Money talks, and what money is saying now, the day before the 100th opening of the Calgary Stampede, is that Canadians are turning away from animal cruelty as entertainment.
Sometimes a whisper is louder than a shout, and the big money was barely whispering on the topic of harm to animals at the Calgary Stampede, which opens for the 100th time tomorrow. But rest assured those sibilant sounds from the upper reaches of Bell Canada's corporate office in Montreal are being heard clearly in the boardroom of the Stampede Board as the "Greatest Outdoor Show on Earth" marks its centennial.
The Calgary Herald, which like its namesake city is nowadays all hat and no cows, briefly reported yesterday that the Canadian telecommunications giant had quietly pulled its support from all rodeo events at the Stampede.
This is not the biggest deal on God's green acres, seeing as Bell Canada has merely switched its support to other Stampede events that aren't seen by large numbers of Canadians as being openly cruel to animals, but it's a sign of the times and of what’s to come.
It does not mean that such events as the unquestionably exciting chuckwagon races, which every year are responsible for the deaths of at least a few horses, or calf roping, a particular bête noir to certain animal rights groups, will stop at once. Count on the Stampede Board, the Calgary rodeo’s powerful governing body, to find alternative sponsors as long as it can.
But Bell Canada's sponsorship decision marks the beginning of the end of these events because it shows public disapproval can bite when it’s tied to something that has the potential to cost the corporations involved in these affairs money. And when that money -- or, rather, the lack of it -- threatens to trickle down to the corporate bottom line, things start to happen.
So while Bell Canada was very careful not to say anything that suggested customer email campaigns like the one organized by the Vancouver Humane Society had anything to do with its withdrawal of support for the rodeo events, it is said here you can be confident that’s at least part of the story behind the sponsorship switch.
Bell Canada can be forgiven for not making the point explicit, and possibly for easing out of the Stampede instead of just marching away, spurs a-jingle-janglin'. The company may not wish to suffer a noisy counter-boycott from some rodeo boosters, or to have its executives' mothers’ virtue abused on-air by publicity craving right-wing television commentators.
Just the same, this perceived success is likely to embolden opponents of the Stampede's most egregious events to extend their campaign to other companies that sponsor activities widely perceived as needlessly cruel to animals.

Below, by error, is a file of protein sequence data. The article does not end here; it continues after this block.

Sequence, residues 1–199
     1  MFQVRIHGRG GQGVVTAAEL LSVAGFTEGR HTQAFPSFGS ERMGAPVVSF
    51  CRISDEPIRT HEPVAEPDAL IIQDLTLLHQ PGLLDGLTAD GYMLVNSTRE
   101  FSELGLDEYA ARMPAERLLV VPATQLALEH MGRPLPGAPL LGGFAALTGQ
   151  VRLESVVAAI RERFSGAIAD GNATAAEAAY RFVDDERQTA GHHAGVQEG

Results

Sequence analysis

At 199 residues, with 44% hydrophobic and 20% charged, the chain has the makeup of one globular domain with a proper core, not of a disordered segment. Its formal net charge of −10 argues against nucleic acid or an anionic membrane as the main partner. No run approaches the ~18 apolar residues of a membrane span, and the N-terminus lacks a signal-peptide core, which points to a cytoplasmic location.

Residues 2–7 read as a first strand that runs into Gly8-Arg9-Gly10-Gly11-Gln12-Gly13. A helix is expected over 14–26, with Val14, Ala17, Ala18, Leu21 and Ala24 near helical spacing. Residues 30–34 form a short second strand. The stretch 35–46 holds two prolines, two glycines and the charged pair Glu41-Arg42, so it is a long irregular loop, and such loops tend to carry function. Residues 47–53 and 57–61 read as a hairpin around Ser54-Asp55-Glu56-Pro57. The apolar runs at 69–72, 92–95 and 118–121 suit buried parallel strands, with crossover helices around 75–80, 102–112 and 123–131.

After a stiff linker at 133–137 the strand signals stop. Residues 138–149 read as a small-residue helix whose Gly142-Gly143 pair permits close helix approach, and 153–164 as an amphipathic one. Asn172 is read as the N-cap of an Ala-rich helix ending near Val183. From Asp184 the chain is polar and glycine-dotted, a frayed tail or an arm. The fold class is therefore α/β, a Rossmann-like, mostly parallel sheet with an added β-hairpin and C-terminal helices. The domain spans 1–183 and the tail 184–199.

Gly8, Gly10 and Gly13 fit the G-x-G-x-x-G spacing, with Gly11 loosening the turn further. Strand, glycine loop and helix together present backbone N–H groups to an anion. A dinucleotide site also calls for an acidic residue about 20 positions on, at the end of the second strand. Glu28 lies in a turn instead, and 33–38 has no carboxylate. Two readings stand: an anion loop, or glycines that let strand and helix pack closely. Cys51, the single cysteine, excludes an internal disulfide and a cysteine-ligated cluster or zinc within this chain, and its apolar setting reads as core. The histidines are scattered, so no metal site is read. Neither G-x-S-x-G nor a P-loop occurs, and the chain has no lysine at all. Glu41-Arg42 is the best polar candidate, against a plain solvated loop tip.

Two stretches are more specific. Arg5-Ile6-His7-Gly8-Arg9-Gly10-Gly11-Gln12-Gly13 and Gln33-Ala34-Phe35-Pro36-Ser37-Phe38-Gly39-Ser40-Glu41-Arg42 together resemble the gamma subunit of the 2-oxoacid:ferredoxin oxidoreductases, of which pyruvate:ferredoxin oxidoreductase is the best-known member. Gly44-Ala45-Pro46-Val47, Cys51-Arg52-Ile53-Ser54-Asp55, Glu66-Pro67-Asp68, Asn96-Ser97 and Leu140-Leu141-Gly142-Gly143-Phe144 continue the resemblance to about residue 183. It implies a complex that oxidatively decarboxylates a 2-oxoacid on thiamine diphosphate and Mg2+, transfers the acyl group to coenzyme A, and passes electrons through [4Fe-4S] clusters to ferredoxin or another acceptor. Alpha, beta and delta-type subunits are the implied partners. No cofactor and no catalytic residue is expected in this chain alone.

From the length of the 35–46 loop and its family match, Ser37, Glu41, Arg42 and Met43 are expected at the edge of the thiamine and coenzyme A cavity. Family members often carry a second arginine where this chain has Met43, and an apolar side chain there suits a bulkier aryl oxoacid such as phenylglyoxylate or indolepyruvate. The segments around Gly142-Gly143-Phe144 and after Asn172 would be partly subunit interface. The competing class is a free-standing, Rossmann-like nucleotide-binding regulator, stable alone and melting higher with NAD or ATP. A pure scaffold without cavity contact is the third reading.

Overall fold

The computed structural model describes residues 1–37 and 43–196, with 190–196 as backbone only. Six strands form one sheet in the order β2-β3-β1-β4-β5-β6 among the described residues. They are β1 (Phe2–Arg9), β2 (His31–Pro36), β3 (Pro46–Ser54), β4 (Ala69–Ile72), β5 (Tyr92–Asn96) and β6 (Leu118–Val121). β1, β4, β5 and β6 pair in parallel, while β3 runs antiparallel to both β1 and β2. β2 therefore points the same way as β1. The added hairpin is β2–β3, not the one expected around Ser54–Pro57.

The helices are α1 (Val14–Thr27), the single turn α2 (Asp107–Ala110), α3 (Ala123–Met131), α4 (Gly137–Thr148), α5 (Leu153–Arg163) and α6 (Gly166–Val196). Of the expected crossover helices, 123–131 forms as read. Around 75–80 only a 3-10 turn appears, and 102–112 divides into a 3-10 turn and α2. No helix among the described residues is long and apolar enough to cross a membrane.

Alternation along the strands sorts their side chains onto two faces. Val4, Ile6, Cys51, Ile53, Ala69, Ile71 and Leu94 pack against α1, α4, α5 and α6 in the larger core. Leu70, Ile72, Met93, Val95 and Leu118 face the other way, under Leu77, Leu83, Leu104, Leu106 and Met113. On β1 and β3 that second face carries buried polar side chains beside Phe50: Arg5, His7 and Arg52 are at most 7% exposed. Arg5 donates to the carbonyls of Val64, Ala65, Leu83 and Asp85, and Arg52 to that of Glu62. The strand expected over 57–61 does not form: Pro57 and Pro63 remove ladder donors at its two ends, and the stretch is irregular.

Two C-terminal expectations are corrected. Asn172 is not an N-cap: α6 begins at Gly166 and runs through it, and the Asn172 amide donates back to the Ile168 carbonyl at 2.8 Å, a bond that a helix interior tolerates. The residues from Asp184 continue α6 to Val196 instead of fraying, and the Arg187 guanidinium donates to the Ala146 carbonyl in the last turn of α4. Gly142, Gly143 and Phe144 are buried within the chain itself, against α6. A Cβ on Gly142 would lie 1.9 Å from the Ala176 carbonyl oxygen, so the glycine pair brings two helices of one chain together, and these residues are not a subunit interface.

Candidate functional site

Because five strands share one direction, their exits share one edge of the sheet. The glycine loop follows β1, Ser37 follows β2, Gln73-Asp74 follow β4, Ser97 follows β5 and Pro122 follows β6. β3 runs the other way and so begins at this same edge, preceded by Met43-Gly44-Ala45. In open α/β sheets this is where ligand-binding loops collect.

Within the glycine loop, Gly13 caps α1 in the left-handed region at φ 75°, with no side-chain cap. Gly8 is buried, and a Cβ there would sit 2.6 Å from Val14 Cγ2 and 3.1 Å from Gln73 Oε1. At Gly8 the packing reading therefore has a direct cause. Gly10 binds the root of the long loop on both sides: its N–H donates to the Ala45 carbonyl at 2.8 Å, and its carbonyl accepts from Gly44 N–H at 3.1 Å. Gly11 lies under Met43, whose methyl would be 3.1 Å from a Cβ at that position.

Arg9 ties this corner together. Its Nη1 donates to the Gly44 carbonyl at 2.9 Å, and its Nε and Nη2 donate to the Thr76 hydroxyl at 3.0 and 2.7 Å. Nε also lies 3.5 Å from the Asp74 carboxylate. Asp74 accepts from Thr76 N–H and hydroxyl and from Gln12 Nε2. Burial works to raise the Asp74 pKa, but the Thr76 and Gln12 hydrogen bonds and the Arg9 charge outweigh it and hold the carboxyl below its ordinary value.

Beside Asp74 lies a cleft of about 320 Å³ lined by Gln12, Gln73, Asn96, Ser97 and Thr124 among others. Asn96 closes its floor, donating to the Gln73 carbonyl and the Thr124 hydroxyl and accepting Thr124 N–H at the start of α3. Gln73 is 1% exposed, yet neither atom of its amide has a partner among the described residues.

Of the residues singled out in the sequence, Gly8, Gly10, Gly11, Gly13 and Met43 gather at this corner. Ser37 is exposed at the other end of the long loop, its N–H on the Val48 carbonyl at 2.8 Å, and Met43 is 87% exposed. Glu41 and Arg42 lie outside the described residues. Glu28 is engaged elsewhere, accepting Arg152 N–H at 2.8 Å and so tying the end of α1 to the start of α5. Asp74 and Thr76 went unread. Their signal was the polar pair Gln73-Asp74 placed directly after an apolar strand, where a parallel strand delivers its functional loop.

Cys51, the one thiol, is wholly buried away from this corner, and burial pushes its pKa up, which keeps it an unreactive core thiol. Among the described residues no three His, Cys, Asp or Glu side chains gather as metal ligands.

For its part, the Stampede would prefer to dismiss the campaign as an effort by "animal activists who may be just as interested in the fund-raising possibilities that a campaign of this nature offers" and a few misguided bloggers.
In a post on the Stampede's website yesterday, Programming Vice-President Paul Rosenberg compared the strong feelings of many Canadians about "the participation of animals in exhibition, competition and education events" to the debate between vegetarians and the rest of us who eat meat. He took a subtle dig at the Vancouver Humane Society for not operating an animal shelter, and promised to continue practicing "strong animal care," whatever that means, at the Stampede.
As for the Herald's brief and not terribly informative report on Bell Canada's sponsorship decision, it trotted out the familiar refrain that rodeo is a Western cultural icon. The annual 10-day event, it said, "is a celebration of cowboy culture that features the rodeo and chuckwagon races."
There’s a good case to be made, however, that the story the Stampede is all about the cowboy’s trade, a vital part of our Western culture and all that, ain’t much more than an entertaining yarn to be spun around a campfire.
As a real farmer commented on this blog in response to a recent post on this topic, "the Calgary Stampede was an exercise in urban nostalgia 100 years ago and it was a perverse distortion of the reality of ranching then and still is today."
"Those calves used in roping used to come into the local auction markets in September mostly broken and crippled," the commenter wrote. "Now they disappear. People who actually make their living raising cattle never resort to yipping, yelling or horseplay. A few oil-fueled start-ups do it for a few years while blathering on about free enterprise, while taking advantage of government supplied community pastures, support programs, and any other welfare they can grub up, before they flip the land and move on -- good riddance to bad rubbish."
The Stampede Board, made up largely of powerful business figures to whom too many Southern Alberta politicians all but owe their souls, will have to be dragged kicking and screaming into the 20th Century, let alone the 21st. That might be a useful project on which someone can practice his or her otherwise obsolete lassoing skills!
But it will happen, as long as money keeps talking as Bell Canada quietly did this week.
This post also appears on David Climenhaga's blog, Alberta Diary.